The biggest character of all, though,
was our floor manager – Keith. He had been a full-on hippy love child
in the 1960s (kaftans, bells, beads, flowers in the hair, technicolour
love-ins at Alexandra palace, the lot) and had never really recovered.
He claimed he’d “gone straight”, and so would sometimes attempt to
prove this by displays of excessive authoritarianism. The rest of the
time, he was a hoot. He would prowl round the floor like a subversive
caricature of Captain Peacock in a bubble perm, trying to score dope off
some of the younger assistants (and sometimes succeeding – you’d
occasionally see lumps of hash being flung over the counter at him in
full view of the punters), or sidling up to you while you were serving,
with a hardcore porn mag hidden inside a Hamleys bag, which he’d then
secretly show you as you were counting out the change (“What do you
think of the snatch on that, Mr. Slater?”)
Don’t get the wrong idea though.
Keith was immensely likeable and popular, and we developed a great
banter with each other. He saw me as something of a “project”, and
considered that, having led a sheltered life, I needed “bringing out
On one memorable occasion, Keith
approached me. “Mr. Slater, may I have a word with you please?”
“Certainly, Mr. H------“
“Some friends of mine are making a
pornographic movie, Mr. Slater, and I wondered whether you would be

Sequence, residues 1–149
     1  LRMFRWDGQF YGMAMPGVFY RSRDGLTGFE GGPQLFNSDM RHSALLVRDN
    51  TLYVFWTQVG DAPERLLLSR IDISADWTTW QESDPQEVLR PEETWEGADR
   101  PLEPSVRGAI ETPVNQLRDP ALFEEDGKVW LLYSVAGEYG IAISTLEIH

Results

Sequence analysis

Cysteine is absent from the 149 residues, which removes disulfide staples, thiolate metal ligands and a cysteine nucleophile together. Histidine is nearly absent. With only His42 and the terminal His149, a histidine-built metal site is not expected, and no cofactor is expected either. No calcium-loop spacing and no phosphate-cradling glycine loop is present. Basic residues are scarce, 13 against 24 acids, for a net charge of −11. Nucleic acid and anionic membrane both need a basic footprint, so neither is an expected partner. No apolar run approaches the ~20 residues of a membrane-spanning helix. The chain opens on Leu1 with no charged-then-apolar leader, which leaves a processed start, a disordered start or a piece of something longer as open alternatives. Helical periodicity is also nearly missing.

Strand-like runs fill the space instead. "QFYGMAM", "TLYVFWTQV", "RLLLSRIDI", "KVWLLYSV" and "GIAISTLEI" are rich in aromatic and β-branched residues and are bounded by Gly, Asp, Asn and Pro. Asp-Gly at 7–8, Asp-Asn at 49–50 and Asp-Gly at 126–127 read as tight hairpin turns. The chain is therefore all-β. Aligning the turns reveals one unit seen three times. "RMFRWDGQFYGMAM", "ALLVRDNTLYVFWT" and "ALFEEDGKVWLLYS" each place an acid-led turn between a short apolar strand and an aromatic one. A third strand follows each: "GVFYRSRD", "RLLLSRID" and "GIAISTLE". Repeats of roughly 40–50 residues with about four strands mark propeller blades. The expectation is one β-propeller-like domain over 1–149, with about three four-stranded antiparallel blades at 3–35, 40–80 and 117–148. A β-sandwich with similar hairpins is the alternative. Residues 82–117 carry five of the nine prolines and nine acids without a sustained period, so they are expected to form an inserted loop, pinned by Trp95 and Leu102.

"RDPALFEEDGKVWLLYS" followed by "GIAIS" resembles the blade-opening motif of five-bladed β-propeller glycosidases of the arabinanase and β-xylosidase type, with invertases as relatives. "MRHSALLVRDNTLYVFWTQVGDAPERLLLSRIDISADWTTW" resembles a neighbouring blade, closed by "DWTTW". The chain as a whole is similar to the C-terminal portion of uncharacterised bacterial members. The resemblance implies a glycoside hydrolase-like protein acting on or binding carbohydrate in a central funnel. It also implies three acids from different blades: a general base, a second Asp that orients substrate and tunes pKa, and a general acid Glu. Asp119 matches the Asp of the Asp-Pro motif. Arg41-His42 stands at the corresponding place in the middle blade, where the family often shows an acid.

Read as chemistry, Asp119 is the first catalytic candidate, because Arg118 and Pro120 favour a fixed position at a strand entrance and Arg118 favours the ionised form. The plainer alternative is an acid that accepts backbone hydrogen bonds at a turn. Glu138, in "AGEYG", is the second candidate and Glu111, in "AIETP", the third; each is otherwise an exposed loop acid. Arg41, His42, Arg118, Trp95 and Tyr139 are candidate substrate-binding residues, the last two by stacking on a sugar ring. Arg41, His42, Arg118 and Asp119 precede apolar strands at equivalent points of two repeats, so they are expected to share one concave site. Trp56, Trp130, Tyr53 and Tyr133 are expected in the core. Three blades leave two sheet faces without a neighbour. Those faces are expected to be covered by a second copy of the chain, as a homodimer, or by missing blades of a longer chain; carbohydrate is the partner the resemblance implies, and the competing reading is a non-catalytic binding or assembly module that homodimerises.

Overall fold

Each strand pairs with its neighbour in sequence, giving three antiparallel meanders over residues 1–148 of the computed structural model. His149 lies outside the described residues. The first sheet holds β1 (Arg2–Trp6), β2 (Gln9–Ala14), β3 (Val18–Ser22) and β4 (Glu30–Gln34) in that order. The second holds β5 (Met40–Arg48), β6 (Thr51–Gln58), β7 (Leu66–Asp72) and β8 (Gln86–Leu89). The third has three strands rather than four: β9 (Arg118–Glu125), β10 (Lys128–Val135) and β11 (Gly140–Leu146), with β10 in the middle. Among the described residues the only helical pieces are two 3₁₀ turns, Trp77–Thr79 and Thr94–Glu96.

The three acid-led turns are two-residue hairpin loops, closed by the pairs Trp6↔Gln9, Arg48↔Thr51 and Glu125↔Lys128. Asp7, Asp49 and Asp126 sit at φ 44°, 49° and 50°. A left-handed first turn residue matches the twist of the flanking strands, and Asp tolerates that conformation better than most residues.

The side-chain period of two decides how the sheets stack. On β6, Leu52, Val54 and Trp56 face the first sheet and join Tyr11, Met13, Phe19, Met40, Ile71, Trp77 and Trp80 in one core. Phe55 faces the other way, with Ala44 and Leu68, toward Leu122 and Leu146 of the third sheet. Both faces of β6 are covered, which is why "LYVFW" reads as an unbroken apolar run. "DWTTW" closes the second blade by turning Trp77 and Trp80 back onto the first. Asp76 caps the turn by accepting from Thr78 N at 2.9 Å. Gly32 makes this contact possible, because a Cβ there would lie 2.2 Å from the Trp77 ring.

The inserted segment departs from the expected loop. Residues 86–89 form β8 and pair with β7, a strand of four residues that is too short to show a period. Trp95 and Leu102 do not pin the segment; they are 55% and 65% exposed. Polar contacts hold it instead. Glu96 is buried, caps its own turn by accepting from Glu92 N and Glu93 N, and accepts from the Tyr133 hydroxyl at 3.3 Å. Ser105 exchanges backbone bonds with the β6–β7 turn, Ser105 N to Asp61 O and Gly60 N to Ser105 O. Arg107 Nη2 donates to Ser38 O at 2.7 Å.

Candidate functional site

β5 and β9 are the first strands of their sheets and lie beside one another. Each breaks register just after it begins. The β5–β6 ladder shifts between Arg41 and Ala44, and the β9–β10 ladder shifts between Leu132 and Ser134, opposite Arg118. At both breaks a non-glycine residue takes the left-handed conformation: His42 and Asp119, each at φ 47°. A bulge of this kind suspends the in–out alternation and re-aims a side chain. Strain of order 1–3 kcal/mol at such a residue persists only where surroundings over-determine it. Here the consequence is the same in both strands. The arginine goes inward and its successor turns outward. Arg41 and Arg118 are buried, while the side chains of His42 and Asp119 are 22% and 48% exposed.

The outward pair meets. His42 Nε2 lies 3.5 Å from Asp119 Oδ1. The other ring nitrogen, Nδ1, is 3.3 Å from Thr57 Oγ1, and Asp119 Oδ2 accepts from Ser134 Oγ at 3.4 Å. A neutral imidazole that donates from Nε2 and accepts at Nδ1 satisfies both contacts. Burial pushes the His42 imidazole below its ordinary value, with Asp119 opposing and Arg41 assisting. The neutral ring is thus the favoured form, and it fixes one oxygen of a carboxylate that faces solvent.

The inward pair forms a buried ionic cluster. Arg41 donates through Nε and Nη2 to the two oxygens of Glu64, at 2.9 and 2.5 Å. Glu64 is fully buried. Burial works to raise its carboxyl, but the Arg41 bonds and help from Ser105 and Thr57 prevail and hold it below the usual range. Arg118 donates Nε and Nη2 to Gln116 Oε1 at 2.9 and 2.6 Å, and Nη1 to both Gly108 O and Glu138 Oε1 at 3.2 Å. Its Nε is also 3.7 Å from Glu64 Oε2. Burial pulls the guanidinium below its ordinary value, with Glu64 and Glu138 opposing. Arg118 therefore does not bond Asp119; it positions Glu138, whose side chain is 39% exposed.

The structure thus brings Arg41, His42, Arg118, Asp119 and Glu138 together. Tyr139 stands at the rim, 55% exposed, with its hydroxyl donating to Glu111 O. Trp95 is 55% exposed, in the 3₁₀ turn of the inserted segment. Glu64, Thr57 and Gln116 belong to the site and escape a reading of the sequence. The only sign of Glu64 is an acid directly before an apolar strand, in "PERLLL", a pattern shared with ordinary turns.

interested in appearing in it. We are looking for an inexperienced,
spotty schoolboy type such as yourself.”
He outlined the plot for me. Scene One:
Mike walks down street, meets pretty lady. Scene Two: Mike and pretty
lady back at her place, getting jiggy with it, at length. Scene Three.
Pretty lady’s mother bursts in on us. She joins in. Scene Four.
Mother’s lady friend bursts in on us. She also joins in. Cue credits.
I politely declined. What, I explained,
would happen if my father were ever to see it?
I saved up my cash and in August 1980,
left Hamleys and went Interailing round Europe on my own for a month,
casting myself as Valerie Singleton in an extended “Blue Peter Special
Assignment” and not getting myself into nearly enough trouble.
Many years later, I met someone who had
worked at Hamleys a few years after me. I asked what had happened to
Keith. It turned out that he had got progressively weirder, and had
eventually taken his own life.
I did indeed do a lot of growing up down there.